2. Informal, Uncontrolled Tradition. This style of tradition is not very reliable. It is much what one would expect in normal, ordinary conversations including gossip and the like. Many distortions and inaccuracies are allowed in this style. Blomberg notes that this style is used “especially with information not at all deemed sacred or crucially important.” As it pertains to the Gospels, this style is not a valid format as such a format would allow little in the way of consistency. Despite the differences, the Gospels are consistent on several major points, even when different details are presented. Therefore, the informal, uncontrolled tradition holds no influence on the Gospels.
3. Informal, Controlled Tradition. The third form of tradition found in the Middle Eastern communities that were studied was one of the more popular and most easily used. The informal, controlled tradition were used by professional and official storytellers, “who are authorized to recount information, formative traditions to those on a regular basis. But, in part because of the amount of material often involved, they have the freedom on any given occasion to leave out or abbreviate less important or less immediately relevant portions, to amplify or explain other more significant sections, and to paraphrase, rearrange, and otherwise modify the tradition to fit their own purposes, so long as numerous fixed points of the story remain intact.” When the conservative reads the word “modify,” he immediately thinks of an error. But, I do not think this is the case. Now if one assumes that an Evangelist presents an allegory as narrative, then, yes, there is a problem. But, if one thinks of modifications simply being that of highlighting one particular person over a group in attendance, then I do not think there is a problem for inerrancy. For instance, Matthew notes that Jesus exorcised demons out of two men in the Gadarene region. Mark and Luke only note the exorcism of one. There is no error in the story at all! Mark and Luke focus on the individual who gave his life to Christ after his healing, whereas Matthew includes all the demoniacs who were healed. This coincides with Wallace’s description of eyewitness testimony as given above. With the Evangelists writing to different locations, it is easy to consider how the informal, controlled tradition would have been useful in presenting the historical data concerning Jesus of Nazareth. Remember, Matthew was writing to a traditional Jewish audience, Mark was writing to a Roman audience, Luke was writing to a primary Gentile audience, and John was preserving data for the next generation of Christians.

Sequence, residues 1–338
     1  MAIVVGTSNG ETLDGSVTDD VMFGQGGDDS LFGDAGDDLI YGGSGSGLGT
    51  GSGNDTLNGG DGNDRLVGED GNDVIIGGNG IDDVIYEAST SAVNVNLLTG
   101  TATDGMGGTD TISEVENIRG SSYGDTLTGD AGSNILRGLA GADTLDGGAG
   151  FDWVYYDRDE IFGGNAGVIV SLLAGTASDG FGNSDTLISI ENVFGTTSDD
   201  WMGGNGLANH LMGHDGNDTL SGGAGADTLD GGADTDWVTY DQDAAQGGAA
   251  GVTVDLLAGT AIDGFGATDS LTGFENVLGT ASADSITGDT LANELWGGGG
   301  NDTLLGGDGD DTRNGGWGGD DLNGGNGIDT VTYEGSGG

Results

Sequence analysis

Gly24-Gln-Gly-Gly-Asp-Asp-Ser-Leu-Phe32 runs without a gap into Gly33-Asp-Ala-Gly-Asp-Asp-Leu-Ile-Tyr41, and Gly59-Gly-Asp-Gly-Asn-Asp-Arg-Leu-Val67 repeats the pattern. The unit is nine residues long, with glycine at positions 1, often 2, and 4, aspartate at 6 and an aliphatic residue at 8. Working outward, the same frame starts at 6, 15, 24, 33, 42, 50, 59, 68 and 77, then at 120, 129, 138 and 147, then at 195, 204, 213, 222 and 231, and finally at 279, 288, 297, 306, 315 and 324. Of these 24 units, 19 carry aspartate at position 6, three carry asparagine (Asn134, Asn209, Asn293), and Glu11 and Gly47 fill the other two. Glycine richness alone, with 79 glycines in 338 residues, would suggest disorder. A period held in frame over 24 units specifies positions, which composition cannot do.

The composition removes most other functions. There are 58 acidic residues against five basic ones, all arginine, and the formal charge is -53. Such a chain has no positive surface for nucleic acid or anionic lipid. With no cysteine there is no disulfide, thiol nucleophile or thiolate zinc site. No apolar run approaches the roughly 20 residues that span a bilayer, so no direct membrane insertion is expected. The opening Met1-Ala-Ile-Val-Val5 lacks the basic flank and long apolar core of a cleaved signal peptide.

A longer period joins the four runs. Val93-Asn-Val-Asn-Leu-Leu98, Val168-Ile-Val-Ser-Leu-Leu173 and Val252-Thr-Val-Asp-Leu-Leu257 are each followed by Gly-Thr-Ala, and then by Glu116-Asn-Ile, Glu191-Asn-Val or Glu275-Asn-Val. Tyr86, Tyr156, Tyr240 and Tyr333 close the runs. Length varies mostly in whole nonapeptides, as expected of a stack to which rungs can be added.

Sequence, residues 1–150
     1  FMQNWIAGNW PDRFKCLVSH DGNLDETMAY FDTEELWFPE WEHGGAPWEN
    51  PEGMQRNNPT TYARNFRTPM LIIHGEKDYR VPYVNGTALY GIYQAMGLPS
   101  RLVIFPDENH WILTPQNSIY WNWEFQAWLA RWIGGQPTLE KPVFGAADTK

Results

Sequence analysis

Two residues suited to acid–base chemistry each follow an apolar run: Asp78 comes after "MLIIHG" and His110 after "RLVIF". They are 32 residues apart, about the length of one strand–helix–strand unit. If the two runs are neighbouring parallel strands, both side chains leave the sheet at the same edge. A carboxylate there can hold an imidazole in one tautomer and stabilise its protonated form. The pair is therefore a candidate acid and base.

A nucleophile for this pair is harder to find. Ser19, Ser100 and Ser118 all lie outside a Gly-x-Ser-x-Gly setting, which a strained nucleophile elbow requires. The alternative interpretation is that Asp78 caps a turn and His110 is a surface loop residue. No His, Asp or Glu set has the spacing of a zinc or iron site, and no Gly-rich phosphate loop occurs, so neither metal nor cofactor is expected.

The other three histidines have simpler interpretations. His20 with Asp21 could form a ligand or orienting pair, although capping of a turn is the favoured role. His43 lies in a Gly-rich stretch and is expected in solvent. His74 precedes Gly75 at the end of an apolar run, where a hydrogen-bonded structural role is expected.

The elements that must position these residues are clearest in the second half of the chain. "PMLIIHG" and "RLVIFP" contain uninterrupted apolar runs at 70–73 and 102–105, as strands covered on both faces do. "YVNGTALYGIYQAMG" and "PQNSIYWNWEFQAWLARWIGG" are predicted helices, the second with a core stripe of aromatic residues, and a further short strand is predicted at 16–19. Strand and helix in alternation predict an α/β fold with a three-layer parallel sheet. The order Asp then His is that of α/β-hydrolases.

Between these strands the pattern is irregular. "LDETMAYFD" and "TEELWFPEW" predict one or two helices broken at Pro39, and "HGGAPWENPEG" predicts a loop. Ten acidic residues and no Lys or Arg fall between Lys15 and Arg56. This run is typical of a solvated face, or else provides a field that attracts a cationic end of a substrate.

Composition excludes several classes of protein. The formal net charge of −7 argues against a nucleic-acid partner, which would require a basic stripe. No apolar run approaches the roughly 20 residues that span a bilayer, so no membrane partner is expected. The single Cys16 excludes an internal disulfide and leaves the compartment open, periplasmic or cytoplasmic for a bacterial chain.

With the information given to us by Blomberg, I think that it is safe to assume that formal, controlled tradition was employed by the apostles as they journaled, memorized, and learned from Jesus of Nazareth. The informal, controlled tradition was used as the apostles Matthew and John, and the secondary sources found in Mark and Luke, historically documented the life of Jesus. Early Christian leader, Papias, notes that